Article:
The Sunday Mail
THE glory has departed.
News that the iconic Elizabeth Hotel, nestled among Robert Mugabe Road, Julius Nyerere Way, Inez Terrace and Rezende Street, at the heart of the city of Harare is up for grabs made sad reading.
Sad indeed because apart from its imposing beauty which illuminated the city, the decision to sell the grand hotel, itself named after the Queen of England, threatens to distort the history of Harare.
No narration of the history of showbiz in Harare in particular and the country in general can be complete without mention of the landmark, Elizabeth Hotel.
Celebrated musical groups and artistes, alive and gone, strummed their guitars, blew their saxophones and sang in the hotel.
Thomas Mapfumo, Nicholas Zakaria, the late Pio Farai Macheka, the late John “Mr 10 days Under water” Bunga, the late Cephas Mashakada, the late Marshall Munhumumwe, the late Safiro “Mukadota” Madzikatire, the late Oliver Mtukudzi and many other musical groups had a bond with the hotel.
There is a section of the hotel that made for brilliant photo opportunities which seemed out of this world. This is set to go with the sale of the hotel.
While growing up in the dusty streets of Glen Norah, eating breakfast and enjoying beer from a hotel was perceived as a measure of success and sophistication.
To appear in vogue, we would religiously wear dry-cleaned suits every Saturday morning with a few friends to enjoy breakfast at Elizabeth Hotel.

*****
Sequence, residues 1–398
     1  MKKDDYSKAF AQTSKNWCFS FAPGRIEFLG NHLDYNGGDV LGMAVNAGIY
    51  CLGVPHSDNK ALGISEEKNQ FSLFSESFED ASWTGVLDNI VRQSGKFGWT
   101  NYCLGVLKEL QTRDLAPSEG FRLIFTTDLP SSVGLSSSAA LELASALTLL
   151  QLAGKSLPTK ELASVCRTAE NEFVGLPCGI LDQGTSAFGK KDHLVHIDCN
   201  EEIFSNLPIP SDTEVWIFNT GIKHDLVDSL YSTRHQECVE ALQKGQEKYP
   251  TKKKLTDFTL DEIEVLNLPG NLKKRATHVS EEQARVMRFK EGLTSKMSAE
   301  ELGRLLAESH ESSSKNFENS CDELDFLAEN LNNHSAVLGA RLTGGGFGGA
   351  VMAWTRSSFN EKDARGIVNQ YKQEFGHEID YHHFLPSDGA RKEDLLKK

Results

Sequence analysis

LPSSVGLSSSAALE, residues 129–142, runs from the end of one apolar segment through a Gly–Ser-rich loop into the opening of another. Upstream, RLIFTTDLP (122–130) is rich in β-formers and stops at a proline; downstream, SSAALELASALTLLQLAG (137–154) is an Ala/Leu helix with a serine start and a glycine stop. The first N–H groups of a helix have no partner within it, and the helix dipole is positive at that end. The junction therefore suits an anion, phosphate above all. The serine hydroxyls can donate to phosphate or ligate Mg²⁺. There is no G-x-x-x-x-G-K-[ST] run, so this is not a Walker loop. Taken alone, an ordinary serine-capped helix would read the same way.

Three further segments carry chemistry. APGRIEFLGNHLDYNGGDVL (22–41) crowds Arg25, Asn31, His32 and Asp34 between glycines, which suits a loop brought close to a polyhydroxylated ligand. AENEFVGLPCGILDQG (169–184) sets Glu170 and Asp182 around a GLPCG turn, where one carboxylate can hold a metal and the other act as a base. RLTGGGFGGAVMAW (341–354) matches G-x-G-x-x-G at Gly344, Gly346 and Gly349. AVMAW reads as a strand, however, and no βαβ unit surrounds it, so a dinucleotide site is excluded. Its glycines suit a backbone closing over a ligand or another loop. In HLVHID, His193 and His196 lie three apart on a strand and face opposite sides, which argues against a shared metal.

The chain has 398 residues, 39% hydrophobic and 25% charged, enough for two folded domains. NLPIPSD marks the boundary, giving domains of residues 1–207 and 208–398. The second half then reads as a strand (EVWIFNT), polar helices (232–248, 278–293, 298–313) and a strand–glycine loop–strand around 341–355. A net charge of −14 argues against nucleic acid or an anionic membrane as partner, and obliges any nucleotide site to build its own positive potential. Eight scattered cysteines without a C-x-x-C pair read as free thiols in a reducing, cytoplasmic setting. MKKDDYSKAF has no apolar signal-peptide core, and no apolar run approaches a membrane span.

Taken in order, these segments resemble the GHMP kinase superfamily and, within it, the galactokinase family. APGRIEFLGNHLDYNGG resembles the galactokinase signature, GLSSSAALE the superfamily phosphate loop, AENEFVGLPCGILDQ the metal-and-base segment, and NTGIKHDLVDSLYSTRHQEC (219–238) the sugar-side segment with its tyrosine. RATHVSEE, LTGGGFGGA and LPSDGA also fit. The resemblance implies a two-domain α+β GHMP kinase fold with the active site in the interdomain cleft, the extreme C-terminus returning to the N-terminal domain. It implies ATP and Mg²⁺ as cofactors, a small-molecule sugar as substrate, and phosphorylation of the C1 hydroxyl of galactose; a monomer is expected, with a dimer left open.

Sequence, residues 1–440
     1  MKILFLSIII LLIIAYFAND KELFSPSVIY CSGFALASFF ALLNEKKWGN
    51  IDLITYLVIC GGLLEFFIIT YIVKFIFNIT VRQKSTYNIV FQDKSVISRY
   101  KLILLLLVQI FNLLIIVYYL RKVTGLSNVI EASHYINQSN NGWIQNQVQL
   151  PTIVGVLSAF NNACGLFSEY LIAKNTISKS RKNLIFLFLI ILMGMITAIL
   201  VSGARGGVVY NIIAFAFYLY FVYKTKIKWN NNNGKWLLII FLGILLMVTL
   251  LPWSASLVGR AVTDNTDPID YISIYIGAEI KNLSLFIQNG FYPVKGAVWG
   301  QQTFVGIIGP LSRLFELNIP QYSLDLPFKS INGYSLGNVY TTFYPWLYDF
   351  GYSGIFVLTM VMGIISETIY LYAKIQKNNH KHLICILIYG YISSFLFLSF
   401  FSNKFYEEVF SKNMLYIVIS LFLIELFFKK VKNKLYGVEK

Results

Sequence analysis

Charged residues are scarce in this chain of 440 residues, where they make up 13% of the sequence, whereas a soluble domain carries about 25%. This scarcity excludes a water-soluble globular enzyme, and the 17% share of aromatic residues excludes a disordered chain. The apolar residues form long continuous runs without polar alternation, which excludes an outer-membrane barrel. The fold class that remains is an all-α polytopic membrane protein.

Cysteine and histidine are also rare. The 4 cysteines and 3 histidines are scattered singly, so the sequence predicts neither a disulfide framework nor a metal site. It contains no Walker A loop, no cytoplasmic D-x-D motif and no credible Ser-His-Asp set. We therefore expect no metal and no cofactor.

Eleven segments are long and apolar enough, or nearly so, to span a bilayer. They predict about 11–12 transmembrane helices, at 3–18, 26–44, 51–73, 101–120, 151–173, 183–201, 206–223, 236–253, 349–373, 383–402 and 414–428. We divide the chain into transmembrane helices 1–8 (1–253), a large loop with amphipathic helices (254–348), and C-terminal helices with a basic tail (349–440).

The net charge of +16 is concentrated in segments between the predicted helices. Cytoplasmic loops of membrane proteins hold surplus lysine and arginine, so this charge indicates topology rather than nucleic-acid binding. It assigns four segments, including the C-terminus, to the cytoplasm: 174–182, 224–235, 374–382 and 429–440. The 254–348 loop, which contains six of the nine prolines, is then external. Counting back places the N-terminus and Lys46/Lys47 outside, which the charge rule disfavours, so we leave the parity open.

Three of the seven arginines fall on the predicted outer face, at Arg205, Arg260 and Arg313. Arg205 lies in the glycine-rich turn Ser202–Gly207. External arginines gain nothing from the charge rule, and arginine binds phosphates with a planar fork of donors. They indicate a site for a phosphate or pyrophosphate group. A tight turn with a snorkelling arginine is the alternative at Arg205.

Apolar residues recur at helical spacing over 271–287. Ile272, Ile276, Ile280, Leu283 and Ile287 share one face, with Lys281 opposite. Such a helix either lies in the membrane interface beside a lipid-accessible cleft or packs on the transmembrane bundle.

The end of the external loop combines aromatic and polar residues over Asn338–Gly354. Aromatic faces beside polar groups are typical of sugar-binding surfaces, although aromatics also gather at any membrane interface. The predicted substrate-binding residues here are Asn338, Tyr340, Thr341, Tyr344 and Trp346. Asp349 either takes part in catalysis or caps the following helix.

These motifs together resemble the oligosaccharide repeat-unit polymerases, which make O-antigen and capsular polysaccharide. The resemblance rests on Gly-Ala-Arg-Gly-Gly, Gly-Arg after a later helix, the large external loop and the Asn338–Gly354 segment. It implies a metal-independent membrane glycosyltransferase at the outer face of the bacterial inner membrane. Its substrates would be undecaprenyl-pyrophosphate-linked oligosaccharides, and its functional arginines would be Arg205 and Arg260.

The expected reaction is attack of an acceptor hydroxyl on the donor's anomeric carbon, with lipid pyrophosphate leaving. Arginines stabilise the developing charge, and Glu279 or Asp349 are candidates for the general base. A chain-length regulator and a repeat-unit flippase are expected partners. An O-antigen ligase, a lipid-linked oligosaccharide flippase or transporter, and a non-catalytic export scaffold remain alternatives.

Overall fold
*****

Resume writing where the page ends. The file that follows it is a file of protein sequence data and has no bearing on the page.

We would occasionally book rooms and spend the night taking photographs of ourselves in the hotel.
On days when the pocket was low in terms of disposable income, we would contend with the Star Bar, which up to this day, is still running.
There was a jukebox in one corner and a carpeted lounge where we would dance and feel really on top of the world making people dance to music of their choice.
“Vakadziya vanonwira muhotera (The boys are hot, they drink beer from a hotel),” is the sort of comment we made the regular visits to the hotel for.
News that Liz Hotel is up for grabs reminded this writer of the many friends he made and incidents where he lost his books during his college days after taking one too many in the hotel.
Fights occasionally broke out at the hotel.
It was not unusual to walk into the hotel to find men fighting over a girlfriend or to find a woman looking for her husband who would have abandoned the family in the ghetto to enjoy quality time at the hotel.
Turf wars also occasionally broke out as boys from Glen Norah, Glen View, Mufakose, Mbare, Highfield, Mabvuku and Kambuzuma fought for dominion.
As I commit pen to paper gentle reader, there are many students who wrote theses on the contribution the hotel made to showbiz in Zimbabwe.
During the days when the capital faced teething transport challenges, people would while their time at the hotel until the volumes of commuters had thinned.
During riots some people too would book into Liz Hotel to seek refuge.
There were, however, disturbing reports of the hotel being a notorious haven for women of easy virtue.
When father time takes its toll and an investor sees no business sense in keeping an asset we are sometimes left with no choice than to say: “It was good while it lasted.”
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